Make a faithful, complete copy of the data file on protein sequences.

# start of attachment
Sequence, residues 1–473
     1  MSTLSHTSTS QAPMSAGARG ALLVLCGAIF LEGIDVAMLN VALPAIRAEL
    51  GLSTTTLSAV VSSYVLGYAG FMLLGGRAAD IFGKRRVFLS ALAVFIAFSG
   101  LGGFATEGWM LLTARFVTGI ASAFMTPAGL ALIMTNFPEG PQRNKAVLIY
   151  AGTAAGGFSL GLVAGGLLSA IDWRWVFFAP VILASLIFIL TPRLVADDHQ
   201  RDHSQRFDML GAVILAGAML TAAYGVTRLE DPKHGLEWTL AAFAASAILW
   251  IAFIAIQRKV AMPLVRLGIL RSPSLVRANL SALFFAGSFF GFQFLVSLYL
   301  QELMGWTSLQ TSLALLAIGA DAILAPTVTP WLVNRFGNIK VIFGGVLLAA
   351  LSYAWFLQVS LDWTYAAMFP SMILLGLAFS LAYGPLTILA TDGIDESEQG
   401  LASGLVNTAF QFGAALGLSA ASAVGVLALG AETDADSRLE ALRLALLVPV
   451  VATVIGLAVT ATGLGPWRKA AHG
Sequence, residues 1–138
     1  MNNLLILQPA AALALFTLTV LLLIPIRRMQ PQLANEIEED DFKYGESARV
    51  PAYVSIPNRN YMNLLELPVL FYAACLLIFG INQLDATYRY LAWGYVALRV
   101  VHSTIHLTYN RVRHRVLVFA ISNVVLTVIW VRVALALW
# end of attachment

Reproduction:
Sequence, residues 1–473
     1  MSTLSHTSTS QAPMSAGARG ALLVLCGAIF LEGIDVAMLN VALPAIRAEL
    51  GLSTTTLSAV VSSYVLGYAG FMLLGGRAAD IFGKRRVFLS ALAVFIAFSG
   101  LGGFATEGWM LLTARFVTGI ASAFMTPAGL ALIMTNFPEG PQRNKAVLIY
   151  AGTAAGGFSL GLVAGGLLSA IDWRWVFFAP VILASLIFIL TPRLVADDHQ
   201  RDHSQRFDML GAVILAGAML TAAYGVTRLE DPKHGLEWTL AAFAASAILW
   251  IAFIAIQRKV AMPLVRLGIL RSPSLVRANL SALFFAGSFF GFQFLVSLYL
   301  QELMGWTSLQ TSLALLAIGA DAILAPTVTP WLVNRFGNIK VIFGGVLLAA
   351  LSYAWFLQVS LDWTYAAMFP SMILLGLAFS LAYGPLTILA TDGIDESEQG
   401  LASGLVNTAF QFGAALGLSA ASAVGVLALG AETDADSRLE ALRLALLVPV
   451  VATVIGLAVT ATGLGPWRKA AHG
Sequence, residues 1–138
     1  MNNLLILQPA AALALFTLTV LLLIPIRRMQ PQLANEIEED DFKYGESARV
    51  PAYVSIPNRN YMNLLELPVL FYAACLLIFG INQLDATYRY LAWGYVALRV
   101  VHSTIHLTYN RVRHRVLVFA ISNVVLTVIW VRVALALW